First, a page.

Alison Flood, writing for The Guardian back in April, introduced a novel experiment in climate fiction by the British writer Tony White titled “Shackleton’s Man Goes South.” For a few months the nonfiction narrative/novel has been available as a free download from the museum’s website, and that’s how I read it.
Of course, since I prefer reading on white paper, page by page, I printed the pages out at a local copy shop and read the book that way. And what a book it is!
In a kind of Borgesian way, White plays with reality and fantasy and fiction and academic prose to turn out a book that is almost unclassifiable, but it is fiction, and it is experimental, and it is about climate change issues. It takes place not in the UK or in northern climes—where most cli-fi novels are set—but in Antarctica.
As of this writing, the book is still be available as a free download, but there are also be plans to turn the book into an e-book for sale on Amazon, and perhaps later as a trade paperback in English and several other languages. It certainly deserves a wide readership and could travel far, first as an e-book and later in print.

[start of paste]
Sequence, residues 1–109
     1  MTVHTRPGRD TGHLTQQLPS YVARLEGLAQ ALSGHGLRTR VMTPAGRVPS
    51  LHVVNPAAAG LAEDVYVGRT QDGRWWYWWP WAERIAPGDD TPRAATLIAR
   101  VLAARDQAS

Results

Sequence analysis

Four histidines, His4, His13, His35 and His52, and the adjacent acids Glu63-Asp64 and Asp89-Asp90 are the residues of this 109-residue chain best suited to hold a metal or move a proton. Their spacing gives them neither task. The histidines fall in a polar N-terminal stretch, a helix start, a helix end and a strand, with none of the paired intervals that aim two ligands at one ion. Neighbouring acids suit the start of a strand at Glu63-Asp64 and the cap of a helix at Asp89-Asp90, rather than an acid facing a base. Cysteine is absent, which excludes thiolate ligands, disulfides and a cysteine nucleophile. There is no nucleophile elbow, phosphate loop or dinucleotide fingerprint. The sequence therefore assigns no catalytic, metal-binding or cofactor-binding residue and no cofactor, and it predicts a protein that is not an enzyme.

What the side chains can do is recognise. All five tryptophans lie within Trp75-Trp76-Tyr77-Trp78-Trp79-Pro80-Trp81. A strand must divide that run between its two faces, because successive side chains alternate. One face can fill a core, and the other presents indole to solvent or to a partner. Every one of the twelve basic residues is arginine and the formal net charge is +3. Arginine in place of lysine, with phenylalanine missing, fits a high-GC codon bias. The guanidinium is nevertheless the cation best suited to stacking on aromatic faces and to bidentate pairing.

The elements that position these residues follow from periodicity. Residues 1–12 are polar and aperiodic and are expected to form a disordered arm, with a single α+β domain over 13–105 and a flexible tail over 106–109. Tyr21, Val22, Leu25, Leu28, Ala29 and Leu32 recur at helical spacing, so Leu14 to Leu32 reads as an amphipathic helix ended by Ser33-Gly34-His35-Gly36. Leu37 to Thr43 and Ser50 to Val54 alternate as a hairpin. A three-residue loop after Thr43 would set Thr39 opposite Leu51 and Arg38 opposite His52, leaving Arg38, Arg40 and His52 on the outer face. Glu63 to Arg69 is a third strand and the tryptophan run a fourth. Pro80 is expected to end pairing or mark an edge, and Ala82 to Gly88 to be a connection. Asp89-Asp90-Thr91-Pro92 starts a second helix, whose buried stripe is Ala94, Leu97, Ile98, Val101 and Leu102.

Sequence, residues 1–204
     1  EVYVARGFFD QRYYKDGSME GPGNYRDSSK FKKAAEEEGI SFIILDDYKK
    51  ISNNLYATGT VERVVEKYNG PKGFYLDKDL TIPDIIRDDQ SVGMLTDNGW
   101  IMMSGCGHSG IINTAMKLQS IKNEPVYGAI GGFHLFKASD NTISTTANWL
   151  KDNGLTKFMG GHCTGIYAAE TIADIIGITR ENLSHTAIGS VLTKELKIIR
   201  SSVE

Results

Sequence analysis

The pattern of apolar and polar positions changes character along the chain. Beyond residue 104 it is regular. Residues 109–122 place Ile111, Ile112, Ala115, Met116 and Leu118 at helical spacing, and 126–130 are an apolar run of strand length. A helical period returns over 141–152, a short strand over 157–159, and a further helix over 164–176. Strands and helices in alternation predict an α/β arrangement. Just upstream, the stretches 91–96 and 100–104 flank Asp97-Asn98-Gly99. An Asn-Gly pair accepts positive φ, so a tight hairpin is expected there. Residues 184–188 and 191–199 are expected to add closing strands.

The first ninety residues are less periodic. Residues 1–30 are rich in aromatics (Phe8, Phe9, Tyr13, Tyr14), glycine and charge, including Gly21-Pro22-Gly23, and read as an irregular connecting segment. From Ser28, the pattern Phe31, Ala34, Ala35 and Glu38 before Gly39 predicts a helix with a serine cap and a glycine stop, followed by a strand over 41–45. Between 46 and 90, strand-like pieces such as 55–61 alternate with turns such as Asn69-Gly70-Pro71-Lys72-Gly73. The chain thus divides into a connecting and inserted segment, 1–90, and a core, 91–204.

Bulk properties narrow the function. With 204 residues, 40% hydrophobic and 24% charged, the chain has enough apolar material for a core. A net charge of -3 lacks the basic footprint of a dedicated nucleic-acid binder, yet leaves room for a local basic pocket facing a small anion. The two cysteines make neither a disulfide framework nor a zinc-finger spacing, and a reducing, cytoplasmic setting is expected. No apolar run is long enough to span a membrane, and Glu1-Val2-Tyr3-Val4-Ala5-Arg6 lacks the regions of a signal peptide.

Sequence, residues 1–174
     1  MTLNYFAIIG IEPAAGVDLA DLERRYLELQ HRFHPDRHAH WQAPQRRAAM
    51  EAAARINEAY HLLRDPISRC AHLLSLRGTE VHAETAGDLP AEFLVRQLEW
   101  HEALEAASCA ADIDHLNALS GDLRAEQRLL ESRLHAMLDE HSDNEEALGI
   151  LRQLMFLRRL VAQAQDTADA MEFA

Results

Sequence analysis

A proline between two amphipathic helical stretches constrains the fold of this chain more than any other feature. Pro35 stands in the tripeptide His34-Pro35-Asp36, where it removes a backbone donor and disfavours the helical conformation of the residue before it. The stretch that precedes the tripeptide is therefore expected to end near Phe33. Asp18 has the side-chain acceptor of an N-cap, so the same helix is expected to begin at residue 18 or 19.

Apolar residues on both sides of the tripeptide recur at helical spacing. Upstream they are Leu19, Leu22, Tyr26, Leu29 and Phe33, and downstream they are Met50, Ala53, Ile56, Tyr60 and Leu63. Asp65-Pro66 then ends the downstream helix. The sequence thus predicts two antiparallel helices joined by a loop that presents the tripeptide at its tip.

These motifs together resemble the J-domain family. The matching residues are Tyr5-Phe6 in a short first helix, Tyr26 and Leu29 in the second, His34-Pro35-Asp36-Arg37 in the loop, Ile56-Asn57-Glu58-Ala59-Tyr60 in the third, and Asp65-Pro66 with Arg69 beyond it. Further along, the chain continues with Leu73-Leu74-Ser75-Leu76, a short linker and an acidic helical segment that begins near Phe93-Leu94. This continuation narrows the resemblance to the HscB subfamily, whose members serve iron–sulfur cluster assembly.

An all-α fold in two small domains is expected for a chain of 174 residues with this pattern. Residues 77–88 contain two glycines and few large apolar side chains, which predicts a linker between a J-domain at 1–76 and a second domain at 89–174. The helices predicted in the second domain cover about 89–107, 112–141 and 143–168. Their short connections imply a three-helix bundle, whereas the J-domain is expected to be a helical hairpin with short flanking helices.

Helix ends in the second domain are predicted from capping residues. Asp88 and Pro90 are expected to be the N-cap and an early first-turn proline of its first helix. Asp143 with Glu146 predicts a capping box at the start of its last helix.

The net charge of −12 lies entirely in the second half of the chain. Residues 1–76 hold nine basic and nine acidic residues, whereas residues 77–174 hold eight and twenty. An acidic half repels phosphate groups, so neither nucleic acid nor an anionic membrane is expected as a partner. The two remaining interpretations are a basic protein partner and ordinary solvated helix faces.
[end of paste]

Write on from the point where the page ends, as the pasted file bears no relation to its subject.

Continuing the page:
I asked White about this prospect, and he told me in an email: “Nothing is certain for now, but we have plans to get the book out to a wider audience.”
White’s work of experimental ”cli-fi” was inspired by “a lost fragment by one of the members of Robert Falcon Scott’s ill-fated 1911 Antarctic expedition—one of the earliest tales ever to mention climate change,” according to Flood.
She goes on:
“White, a critically acclaimed novelist, was researching the expedition when he stumbled across the fragments of a story by George Clarke Simpson written for the South Polar Times, a homemade newspaper that was passed around on Scott’s journey to the south pole.”
“Most of the writing in the South Polar Times is scientific descriptions of expeditions and experiments, but hidden among these is a small number of particularly fascinating short stories,” White told The Guardian. “The Simpson story is inspired by their discovery of geological evidence of past climate change—he’s trying to come to terms with this and it’s so interesting for me as a novelist that the first thing he did was to write a story.”
Dan Bloom is a writer in Taiwan.Google+